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The Houses That Eight Bullets Built

I’m not going to lie—I felt a little like I was missing out when it came to studying abroad (and not just because I missed the Welcome Mass), but I got over it in a big way. Allow me to explain.

Many of you who read this blog on a constant basis are well aware of SCU’s Casa de la Solidaridad study abroad program in El Salvador, a unique experience that blends four aspects of Community, Academics, Spirituality, and Accompaniment. The entire experience gives those who participate in it a view of the world that they would not otherwise get to witness. However, not many are familiar with the history of the program, and a little backstory is necessary in this month of November as we commemorate the eight martyrs of the University of Central America.

When Ignacio Ellacuria and his companions were murdered in 1989, their killers had no idea what the aftereffects of the bloodshed would be. Over the last 25 years, people from across the world, Catholic and non-Catholic alike, have committed themselves to lives of pursuing justice based on the testimony of these peoples’ lives and deaths. One product of their shared demise was the very Casa program that I spoke of earlier, founded by a Jesuit, Dean Brackley, who had volunteered to work at UCA in the wake of the shooting, and Kevin and Trena Yonkers-Talz, a young couple committed to the Jesuit ideal of cura personalis (care for the whole person). Over the years, their program churned out hundreds of well-formed graduates who have gone on to law, medicine, social work, and academia—with all of these vocations formed and flavored by their time in El Salvador.

As time passed, the Casa model became so popular that other universities looked into launching their own similar program, and thus was born the University of San Francisco’s Casa Bayanihan in the Philippines, a program that I long anticipated applying for and was overjoyed when I finally got accepted. As of writing this, I’m still in the Philippines, and every day learning to appreciate the gifts that this country and program have to offer to me, and that I have to offer to them. Now comes the “missing out” part that I referenced earlier. While I love the time that I’ve spent out here at Casa, I cannot help but feel oddly detached from the commemoration for the martyrs in El Salvador and back at Santa Clara. And why not? Theirs is a world on the other side of the world, so of course there would be distance between us over in the Philippines and the heritage of the martyrs of Central America.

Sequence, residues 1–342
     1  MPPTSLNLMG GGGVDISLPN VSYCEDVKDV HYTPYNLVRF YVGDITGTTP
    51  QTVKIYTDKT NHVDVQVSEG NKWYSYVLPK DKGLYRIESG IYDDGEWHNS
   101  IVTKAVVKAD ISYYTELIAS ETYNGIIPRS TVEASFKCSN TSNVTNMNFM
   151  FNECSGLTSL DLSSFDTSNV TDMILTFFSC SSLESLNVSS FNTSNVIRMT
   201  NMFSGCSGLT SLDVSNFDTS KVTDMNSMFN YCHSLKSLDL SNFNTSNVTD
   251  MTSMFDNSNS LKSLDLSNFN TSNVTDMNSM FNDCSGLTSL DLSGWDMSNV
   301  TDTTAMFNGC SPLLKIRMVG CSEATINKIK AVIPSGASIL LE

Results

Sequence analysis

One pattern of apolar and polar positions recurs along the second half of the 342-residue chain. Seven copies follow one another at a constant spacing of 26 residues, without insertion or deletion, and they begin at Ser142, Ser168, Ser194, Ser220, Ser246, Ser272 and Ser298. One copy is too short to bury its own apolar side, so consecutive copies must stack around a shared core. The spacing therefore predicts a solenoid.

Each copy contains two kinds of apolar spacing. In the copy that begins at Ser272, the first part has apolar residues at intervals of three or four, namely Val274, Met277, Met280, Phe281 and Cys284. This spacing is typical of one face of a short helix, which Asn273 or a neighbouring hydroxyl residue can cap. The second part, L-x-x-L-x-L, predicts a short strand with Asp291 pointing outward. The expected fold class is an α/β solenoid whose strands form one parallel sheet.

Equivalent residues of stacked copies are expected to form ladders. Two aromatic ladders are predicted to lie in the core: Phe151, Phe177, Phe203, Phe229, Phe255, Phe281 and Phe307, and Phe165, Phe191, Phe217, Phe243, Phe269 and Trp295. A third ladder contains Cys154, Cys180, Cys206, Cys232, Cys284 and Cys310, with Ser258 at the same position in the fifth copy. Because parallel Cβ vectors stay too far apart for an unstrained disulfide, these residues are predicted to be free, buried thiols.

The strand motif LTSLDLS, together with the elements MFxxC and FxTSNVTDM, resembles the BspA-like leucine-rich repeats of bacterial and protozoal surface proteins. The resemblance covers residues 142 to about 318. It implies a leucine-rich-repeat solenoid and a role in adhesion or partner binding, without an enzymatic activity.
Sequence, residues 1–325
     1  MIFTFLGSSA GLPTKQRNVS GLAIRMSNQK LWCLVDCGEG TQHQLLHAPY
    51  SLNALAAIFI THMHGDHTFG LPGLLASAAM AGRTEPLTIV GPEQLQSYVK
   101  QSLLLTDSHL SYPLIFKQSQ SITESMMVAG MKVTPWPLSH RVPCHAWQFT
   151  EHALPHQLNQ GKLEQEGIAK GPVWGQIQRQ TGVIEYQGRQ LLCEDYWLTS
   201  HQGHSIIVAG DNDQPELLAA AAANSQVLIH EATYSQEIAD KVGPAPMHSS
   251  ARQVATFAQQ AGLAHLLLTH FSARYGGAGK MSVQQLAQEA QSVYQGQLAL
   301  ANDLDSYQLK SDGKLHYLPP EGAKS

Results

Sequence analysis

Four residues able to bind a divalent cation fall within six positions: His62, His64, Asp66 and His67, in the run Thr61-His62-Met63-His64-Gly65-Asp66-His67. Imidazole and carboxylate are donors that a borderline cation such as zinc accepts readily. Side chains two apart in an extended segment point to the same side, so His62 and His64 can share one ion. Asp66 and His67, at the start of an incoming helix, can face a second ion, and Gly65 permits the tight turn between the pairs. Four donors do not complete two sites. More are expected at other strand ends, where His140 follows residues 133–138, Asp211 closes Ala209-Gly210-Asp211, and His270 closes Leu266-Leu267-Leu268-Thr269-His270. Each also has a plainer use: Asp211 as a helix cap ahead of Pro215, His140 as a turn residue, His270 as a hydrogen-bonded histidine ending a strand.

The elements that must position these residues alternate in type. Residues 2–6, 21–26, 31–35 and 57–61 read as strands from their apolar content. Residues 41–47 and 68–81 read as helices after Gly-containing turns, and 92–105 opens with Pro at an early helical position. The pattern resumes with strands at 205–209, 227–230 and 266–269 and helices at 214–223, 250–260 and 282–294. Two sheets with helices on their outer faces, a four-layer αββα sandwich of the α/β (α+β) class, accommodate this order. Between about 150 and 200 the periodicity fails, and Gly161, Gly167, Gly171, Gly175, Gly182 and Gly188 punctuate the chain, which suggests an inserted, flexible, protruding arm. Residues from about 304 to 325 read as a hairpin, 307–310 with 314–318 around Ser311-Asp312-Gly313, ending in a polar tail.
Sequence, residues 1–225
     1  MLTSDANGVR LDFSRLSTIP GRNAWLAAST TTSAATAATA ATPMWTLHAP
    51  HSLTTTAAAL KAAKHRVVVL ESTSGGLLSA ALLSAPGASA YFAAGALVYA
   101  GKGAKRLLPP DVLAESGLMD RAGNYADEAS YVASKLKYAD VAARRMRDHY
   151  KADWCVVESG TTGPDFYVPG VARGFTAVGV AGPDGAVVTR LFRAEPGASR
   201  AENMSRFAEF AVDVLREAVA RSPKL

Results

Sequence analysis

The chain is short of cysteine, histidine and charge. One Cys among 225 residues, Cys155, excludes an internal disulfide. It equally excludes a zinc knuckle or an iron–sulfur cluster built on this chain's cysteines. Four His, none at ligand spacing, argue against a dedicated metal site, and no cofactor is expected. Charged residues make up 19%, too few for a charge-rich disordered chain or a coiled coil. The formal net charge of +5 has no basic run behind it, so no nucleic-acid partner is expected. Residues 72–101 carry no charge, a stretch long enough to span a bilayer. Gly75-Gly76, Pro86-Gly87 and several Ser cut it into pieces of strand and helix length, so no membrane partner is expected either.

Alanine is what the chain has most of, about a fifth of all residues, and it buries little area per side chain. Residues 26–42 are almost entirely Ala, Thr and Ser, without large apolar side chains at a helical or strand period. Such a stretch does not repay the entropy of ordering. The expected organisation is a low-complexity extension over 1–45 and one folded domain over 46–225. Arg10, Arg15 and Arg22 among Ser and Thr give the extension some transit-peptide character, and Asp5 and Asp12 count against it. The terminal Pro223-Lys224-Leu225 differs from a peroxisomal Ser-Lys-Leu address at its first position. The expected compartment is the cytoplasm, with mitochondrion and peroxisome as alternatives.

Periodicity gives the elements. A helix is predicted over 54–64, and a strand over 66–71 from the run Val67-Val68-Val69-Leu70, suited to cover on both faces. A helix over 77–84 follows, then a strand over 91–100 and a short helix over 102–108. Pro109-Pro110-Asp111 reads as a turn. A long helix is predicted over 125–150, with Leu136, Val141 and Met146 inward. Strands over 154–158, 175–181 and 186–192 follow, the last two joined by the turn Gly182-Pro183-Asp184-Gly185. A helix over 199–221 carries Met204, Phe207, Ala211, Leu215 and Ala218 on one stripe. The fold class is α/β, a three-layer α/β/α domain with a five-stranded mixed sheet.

This feeling of being “left out” as far as commemorating Ellacuria and company was concerned lasted about five seconds before I gave some consideration and began smiling. “They had no idea what they did” I said to myself, thinking of the military’s foolish action to murder these voices for justice. The murder of the UCA scholars didn’t just lead to the pursuit of greater justice in Central America, but across the world. By not commemorating the martyrs outwardly, but keeping them in my mind during this month of November—I’ve realized once again in a new way that the pursuit of justice is truly a worldwide issue. We all draw our strength in this conflict from a variety of sources, and these sources ought not be limited to the country where justice is concerned. I’ve realized that the true scope of the UCA martyrs’ death is tied up to my being here in the Philippines. We would not be here right now, working towards a more just world, were it not for the outcry of justice that came from that massacre so long ago.

What could be more fitting a legacy for these martyrs who, in the words of Ellacuria at SCU, worked “on behalf of a people who, oppressed by structural injustices, struggle for their self-determination—people often without liberty or human rights” than working for those very causes on the other side of the world? Justice is global, we must never forget, and the legacy of the martyrs truly goes beyond El Salvador and the US.

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